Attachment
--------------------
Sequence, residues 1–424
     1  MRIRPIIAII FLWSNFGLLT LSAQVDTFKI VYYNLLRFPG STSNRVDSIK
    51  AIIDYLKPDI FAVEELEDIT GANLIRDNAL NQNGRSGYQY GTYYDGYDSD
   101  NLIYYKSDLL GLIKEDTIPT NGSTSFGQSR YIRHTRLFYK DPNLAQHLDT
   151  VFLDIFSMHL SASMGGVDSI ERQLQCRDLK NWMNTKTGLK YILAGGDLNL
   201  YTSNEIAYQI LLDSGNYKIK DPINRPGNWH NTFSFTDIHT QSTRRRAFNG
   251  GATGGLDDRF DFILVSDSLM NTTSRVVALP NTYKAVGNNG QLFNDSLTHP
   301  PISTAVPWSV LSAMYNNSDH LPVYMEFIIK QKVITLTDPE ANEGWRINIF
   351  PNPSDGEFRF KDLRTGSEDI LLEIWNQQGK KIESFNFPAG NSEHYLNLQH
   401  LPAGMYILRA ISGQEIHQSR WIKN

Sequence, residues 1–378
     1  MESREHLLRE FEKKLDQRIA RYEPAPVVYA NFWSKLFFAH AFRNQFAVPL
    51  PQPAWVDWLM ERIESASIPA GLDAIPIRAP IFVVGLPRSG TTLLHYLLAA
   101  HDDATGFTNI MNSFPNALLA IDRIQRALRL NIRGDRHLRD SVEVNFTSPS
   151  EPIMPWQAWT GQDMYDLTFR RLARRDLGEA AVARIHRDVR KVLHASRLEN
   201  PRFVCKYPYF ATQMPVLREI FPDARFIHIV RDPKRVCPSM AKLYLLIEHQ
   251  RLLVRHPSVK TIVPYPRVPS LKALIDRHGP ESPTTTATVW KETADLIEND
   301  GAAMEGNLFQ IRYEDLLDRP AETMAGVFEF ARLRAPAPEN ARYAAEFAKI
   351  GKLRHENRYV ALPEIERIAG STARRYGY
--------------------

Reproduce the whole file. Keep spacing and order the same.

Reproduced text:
Sequence, residues 1–424
     1  MRIRPIIAII FLWSNFGLLT LSAQVDTFKI VYYNLLRFPG STSNRVDSIK
    51  AIIDYLKPDI FAVEELEDIT GANLIRDNAL NQNGRSGYQY GTYYDGYDSD
   101  NLIYYKSDLL GLIKEDTIPT NGSTSFGQSR YIRHTRLFYK DPNLAQHLDT
   151  VFLDIFSMHL SASMGGVDSI ERQLQCRDLK NWMNTKTGLK YILAGGDLNL
   201  YTSNEIAYQI LLDSGNYKIK DPINRPGNWH NTFSFTDIHT QSTRRRAFNG
   251  GATGGLDDRF DFILVSDSLM NTTSRVVALP NTYKAVGNNG QLFNDSLTHP
   301  PISTAVPWSV LSAMYNNSDH LPVYMEFIIK QKVITLTDPE ANEGWRINIF
   351  PNPSDGEFRF KDLRTGSEDI LLEIWNQQGK KIESFNFPAG NSEHYLNLQH
   401  LPAGMYILRA ISGQEIHQSR WIKN

Sequence, residues 1–378
     1  MESREHLLRE FEKKLDQRIA RYEPAPVVYA NFWSKLFFAH AFRNQFAVPL
    51  PQPAWVDWLM ERIESASIPA GLDAIPIRAP IFVVGLPRSG TTLLHYLLAA
   101  HDDATGFTNI MNSFPNALLA IDRIQRALRL NIRGDRHLRD SVEVNFTSPS
   151  EPIMPWQAWT GQDMYDLTFR RLARRDLGEA AVARIHRDVR KVLHASRLEN
   201  PRFVCKYPYF ATQMPVLREI FPDARFIHIV RDPKRVCPSM AKLYLLIEHQ
   251  RLLVRHPSVK TIVPYPRVPS LKALIDRHGP ESPTTTATVW KETADLIEND
   301  GAAMEGNLFQ IRYEDLLDRP AETMAGVFEF ARLRAPAPEN ARYAAEFAKI
   351  GKLRHENRYV ALPEIERIAG STARRYGY